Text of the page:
9. In NIOSH Criteria for a Recommended Standard: Welding, Brazing, and Thermal Cutting published in1988, "Brazing is the process by which metals are heated and joined together by a molten filler metal at temperatures exceeding 450 deg C (840 deg F). Soldering, which is not included in this document, is similar to brazing, but it uses filler metals that have melting points below 450 deg C." [p. 25] In the Glossary, various forms of arc welding are mentioned. Also mentioned are "furnace brazing" and "torch brazing." 
  10. In Recognition of Health Hazards in Industry, 2nd Ed., William Burgess outlines the hazards of welding in chapter 10. Brazing is included as one of 10 types of welding. "The technique of joining metals has much in common with soldering operations, but it is identified as a welding process by the American Welding Society. Brazing is defined as a technique for joining metals that are heated above 430 deg C (800 deg F), while soldering is conducted below that  point. The temperature of the operation is of major importance since it determines the vapor pressure of the metals that are heated and therefore the concentration of metal fumes to which the operator is exposed. . . . Brazing of small job lots that do not require close temperature control are routinely done with a torch. More critical, high-production operations are accomplished by dip techniques in a molten bath, in brazing furnaces using either an ammonia or hydrogen atmosphere, or by induction heating. . . . The exposure to fresh cadmium fumes during brazing of low-alloy steel, stainless steels, and nickel alloys has resulted in documented cases of occupational disease and represents the major hazard from these operations." [p. 189-90] The author says on page 186, "The principal hazard in gas welding in confined spaces is due to the formation of nitrogen dioxide." "Soldering in Electronics" is covered in chapter 22. "Since soft soldering is conducted at low temperature there is little hazard of significant lead exposures. . . . The handling of solder dross during cleanup and maintenance  may result in exposure to lead dust." [p. 382]

How are they portrayed in Haz-Map?

Welding, Brazing, and Soldering are three Processes linked to metals, respiratory irritants, allergens, and carbon monoxide. 

Welding fumes (not otherwise specified) is an Agent linked to "Lung cancer," "Pneumonitis, toxic," and "Pulmonary disease, chronic obstructive." Brazing and soldering fumes are not listed in Haz-Map as agents.

Hazardous Job Tasks

Diseases Associated with Job Task

Toxic pneumonitis; COPD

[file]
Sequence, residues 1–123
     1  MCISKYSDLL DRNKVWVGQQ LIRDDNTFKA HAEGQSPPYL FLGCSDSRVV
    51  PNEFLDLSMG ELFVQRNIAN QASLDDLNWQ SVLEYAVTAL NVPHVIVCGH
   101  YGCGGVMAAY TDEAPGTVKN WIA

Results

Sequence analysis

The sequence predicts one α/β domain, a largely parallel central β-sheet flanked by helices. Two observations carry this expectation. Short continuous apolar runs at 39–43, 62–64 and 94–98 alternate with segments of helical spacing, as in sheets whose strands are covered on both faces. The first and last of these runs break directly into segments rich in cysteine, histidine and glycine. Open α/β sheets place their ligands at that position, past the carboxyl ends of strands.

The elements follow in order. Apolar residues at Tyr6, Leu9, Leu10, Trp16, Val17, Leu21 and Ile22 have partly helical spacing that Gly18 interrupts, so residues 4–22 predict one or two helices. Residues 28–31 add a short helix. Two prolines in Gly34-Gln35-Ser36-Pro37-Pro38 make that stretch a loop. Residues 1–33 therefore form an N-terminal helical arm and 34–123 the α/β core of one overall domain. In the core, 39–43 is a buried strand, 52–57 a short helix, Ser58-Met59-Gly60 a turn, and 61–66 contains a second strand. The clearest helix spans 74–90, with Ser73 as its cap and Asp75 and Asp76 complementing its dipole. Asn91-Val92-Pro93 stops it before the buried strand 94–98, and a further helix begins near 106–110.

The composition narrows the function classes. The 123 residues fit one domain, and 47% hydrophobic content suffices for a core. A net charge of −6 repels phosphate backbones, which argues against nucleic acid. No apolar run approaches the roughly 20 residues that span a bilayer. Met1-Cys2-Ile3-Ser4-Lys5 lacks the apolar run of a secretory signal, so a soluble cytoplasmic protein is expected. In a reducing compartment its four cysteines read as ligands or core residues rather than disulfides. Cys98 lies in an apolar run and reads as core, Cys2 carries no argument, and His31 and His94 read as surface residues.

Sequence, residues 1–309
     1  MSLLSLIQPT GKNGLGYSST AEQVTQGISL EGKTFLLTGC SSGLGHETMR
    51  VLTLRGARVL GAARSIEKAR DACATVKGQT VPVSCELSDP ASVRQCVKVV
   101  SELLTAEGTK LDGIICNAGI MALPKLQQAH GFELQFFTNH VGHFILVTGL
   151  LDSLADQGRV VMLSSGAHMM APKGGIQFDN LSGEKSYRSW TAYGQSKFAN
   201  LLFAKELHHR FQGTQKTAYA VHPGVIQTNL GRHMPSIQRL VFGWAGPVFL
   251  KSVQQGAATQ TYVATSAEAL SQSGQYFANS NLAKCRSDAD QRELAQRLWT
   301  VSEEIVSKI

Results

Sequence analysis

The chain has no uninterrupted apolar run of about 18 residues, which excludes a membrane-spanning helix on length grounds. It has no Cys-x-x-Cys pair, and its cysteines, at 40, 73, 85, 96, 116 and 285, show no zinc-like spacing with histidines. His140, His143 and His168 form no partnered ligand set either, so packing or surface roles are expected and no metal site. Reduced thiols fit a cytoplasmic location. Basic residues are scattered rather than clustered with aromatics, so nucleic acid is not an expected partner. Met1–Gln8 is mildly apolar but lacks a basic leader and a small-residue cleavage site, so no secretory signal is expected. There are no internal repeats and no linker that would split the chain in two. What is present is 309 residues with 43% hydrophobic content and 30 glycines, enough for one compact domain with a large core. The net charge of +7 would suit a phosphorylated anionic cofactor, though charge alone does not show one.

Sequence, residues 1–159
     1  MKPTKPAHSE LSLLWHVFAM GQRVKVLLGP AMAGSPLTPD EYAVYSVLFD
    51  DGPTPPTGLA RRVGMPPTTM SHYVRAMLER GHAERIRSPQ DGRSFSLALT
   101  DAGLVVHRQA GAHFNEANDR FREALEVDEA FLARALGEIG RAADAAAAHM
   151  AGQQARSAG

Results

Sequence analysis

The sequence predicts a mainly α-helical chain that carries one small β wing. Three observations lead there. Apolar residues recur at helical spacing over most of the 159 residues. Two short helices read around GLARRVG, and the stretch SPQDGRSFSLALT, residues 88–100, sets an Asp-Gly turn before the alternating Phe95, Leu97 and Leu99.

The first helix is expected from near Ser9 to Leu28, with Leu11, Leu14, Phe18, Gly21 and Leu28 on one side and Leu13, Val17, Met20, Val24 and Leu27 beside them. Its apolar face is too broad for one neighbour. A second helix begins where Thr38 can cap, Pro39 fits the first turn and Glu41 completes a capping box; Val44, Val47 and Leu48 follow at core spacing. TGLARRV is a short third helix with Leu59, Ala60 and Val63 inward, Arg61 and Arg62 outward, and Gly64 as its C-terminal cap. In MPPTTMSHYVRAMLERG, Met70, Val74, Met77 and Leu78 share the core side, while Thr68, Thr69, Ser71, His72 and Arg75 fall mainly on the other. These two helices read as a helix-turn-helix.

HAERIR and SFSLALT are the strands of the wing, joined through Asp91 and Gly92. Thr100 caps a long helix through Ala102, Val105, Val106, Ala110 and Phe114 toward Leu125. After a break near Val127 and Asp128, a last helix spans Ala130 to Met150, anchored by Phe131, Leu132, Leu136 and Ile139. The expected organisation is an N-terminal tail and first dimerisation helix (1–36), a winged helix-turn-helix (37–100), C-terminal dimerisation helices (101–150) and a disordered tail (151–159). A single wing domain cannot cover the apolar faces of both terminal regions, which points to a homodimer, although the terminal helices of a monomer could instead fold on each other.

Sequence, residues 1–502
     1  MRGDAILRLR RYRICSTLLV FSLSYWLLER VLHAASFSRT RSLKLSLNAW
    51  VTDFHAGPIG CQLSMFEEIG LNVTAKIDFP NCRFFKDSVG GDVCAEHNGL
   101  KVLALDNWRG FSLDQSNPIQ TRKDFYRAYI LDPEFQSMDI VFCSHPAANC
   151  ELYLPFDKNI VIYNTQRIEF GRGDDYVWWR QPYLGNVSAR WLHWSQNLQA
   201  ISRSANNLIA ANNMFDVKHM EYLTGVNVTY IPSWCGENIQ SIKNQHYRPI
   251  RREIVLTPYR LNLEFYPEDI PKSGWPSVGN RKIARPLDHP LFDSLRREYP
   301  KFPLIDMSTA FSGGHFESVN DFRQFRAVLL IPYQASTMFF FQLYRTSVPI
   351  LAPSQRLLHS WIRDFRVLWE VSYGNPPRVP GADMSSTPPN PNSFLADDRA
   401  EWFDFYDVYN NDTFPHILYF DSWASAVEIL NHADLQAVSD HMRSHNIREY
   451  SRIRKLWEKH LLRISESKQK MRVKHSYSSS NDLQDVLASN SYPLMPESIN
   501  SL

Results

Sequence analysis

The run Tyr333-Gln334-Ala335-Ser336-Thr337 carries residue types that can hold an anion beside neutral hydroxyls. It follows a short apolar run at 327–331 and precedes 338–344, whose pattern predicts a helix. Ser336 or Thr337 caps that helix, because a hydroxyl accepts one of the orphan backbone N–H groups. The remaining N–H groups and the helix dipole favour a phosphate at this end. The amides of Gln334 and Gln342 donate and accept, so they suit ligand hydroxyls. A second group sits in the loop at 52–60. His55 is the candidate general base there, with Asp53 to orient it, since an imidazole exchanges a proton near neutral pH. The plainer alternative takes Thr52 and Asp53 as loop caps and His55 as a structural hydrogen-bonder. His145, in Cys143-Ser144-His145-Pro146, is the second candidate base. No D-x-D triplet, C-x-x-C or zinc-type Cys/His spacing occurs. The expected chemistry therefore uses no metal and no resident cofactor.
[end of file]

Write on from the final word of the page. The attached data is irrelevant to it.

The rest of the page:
Asthma; Chromium, chronic effects; COPD

Manganese, chronic effects

Toxic pneumonitis

Metal fume fever; Lead, chronic effects


Chronic beryllium disease

Manganese, chronic effects

Lead, chronic effects

Toxic pneumonitis

Polymer fume fever

Chromium, chronic effects


Cadmium, chronic effects; Toxic pneumonitis; Acute tubular necrosis; Chronic renal failure;

Cadmium, chronic effects; Toxic pneumonitis; Acute tubular necrosis; Chronic renal failure;


Asthma, Benign pneumoconiosis; COPD

See Brazing vs. Welding. Brazing operates at lower temperatures than welding.

This page from the American Welding Society suggests that brazers are choosing between "air-fuel" and "oxy-fuel," i.e., that brazing is a form of gas rather than arc welding. 

In Conclusion

Soldering and brazing do not cause the underlined diseases below because of their low temperatures compared to welding.

Soldering: Occupational asthma; Lead poisoning from exposure to dust if lead solder used;

Brazing: Polymer fume fever; Metal fume fever; Lead poisoning; Cadmium poisoning; Toxic pneumonitis, Acute tubular necrosis; Chronic renal failure;

Arc Welding: Occupational asthma; Toxic pneumonitis; Benign pneumoconiosis; Manganese poisoning; Lead poisoning; Chromium poisoning; Chronic beryllium disease; Polymer fume fever; Metal fume fever; Acute tubular necrosis; Chronic renal failure; COPD; Lung cancer;

Other Reference Material: Why Brazing Cannot Cause the Same Diseases as Welding

Metals Melting Points (deg F)
Cadmium 609.9
Magnesium 1202
Aluminum 1221
Silver 1763
Copper 1984
Manganese 2275
Beryllium 2349
Steel 2500
Stainless steel 2500-2800
Nickel 2651
Iron 2795
Chromium 3465


Table 10.4 Brazing Filler Materials [Burgess, p. 190]

Base Metal to be Brazed Brazing Filler Metals Brazing Technique
Stainless steels Silver alloys; Copper alloys; Torch; Furnace
Aluminum Aluminum-silicon alloys Furnace
Magnesium Magnesium alloys Torch; Dip
Copper Copper-phosphorus; Copper-zinc; Silver alloys; All techniques
Nickel Silver alloys; Copper alloys; All techniques
Low-alloy steel Silver alloys; Copper alloys; Nickel alloys; All techniques

The vapor pressure of cadmium at 315 deg F is 0.000021 mm Hg with a cadmium concentration of 0.12 mg/m3. At 738 deg F, the vapor pressure is 1.0 and the cadmium concentration is 5900 mg/m3. [Burgess, p. 190] The IDLH of cadmium fume is 9 mg/m3. [NIOSH]

Arc welding melts both the welding rod and the base metal. Brazing melts only the filler material. It does not achieve high enough temperature to melt the base metal. Note that the diseases caused by arc welding (after melting manganese, beryllium, chromium, and steel) are not possible at brazing temperatures.